We were told today by our teacher (I suppose to scare us) that in certain schools for physics in Soviet Russia there was as an entry examination the following integral given

∞∫0x−iax2+bx+1dx,

where a∈R, b∈[0,2), and i is the imaginary unit. And since we are doing complex analysis at the moment, it can, according to my teacher, be calculated using complex methods.

I was wondering how this could work? It seems hard to me to find a good curve to apply the residue theorem for this object, I suppose. Is there a trick to compute this integral?

**Answer**

\phantom{} Dear MSE users, this is the new episode of *Mister Feynman and Monsieur Laplace versus contour integration.*

Tonight we have a scary integral, but we may immediately notice that

\mathcal{L}(x^{-ia})(s) = s^{ia-1}\Gamma(1-ia),\qquad \mathcal{L}^{-1}\left(\frac{1}{x^2+bx+1}\right)(s) =\frac{e^{Bs}-e^{\overline{B}s}}{\sqrt{b^2-4}}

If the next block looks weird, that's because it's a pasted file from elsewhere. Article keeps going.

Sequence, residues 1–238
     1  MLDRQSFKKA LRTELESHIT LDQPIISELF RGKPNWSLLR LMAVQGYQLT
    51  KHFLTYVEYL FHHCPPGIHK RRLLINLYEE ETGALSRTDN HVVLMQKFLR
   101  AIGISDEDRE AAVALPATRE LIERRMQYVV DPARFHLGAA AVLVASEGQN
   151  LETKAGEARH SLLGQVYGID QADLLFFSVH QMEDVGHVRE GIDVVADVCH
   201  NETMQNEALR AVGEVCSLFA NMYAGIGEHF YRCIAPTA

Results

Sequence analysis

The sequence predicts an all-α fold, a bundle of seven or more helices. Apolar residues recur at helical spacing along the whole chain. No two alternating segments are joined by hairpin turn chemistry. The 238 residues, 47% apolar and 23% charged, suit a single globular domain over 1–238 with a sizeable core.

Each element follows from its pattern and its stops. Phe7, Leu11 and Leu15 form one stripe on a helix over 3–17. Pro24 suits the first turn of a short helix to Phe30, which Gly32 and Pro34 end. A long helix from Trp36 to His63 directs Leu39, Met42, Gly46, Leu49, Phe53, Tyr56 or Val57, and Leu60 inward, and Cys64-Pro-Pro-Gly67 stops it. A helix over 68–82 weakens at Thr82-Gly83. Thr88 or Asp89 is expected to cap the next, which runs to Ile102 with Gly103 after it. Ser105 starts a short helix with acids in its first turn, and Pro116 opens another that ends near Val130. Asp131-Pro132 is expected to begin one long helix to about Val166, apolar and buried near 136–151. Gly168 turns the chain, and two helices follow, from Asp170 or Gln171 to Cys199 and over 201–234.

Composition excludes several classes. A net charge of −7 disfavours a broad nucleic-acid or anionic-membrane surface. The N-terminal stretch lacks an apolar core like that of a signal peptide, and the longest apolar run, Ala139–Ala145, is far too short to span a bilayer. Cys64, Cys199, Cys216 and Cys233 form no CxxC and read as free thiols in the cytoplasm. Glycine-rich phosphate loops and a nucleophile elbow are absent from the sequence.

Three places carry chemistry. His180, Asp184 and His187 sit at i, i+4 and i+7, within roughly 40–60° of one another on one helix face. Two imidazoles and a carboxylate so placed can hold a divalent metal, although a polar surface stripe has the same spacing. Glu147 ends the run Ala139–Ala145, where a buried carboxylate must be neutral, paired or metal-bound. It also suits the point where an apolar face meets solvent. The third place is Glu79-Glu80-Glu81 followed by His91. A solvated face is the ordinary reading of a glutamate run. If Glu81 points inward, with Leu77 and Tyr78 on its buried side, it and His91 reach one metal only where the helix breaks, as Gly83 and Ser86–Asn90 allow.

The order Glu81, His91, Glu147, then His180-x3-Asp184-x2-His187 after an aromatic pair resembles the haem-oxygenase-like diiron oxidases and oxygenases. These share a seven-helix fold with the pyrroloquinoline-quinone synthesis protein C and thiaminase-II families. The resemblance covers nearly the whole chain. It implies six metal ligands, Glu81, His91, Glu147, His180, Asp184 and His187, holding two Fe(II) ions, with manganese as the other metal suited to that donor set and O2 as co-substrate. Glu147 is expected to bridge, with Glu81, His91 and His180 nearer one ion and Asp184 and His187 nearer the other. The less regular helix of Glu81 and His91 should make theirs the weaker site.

where B is the root of x^2+bx+1 with a positive imaginary part. By the properties of the Laplace transform, the original integral is converted into

\frac{\Gamma(1-ia)}{\sqrt{b^2-4}}\int_{0}^{+\infty}s^{ia-1}\left(e^{Bs}-e^{\overline{B}s}\right)\,ds

which can be evaluated in terms of the \Gamma function.

Due to the reflection formula, the final outcome simplifies into

\frac{\left(B^{-i a}-\overline{B}^{-i a}\right) \pi }{\sinh(\pi a)\sqrt{4-b^2}}

and we may notice that B=\exp\left[i\arccos\frac{b}{2}\right] allows a further simplification.

Outro: *poor children*.

**Attribution***Source : Link , Question Author : Community , Answer Author : Jack D’Aurizio*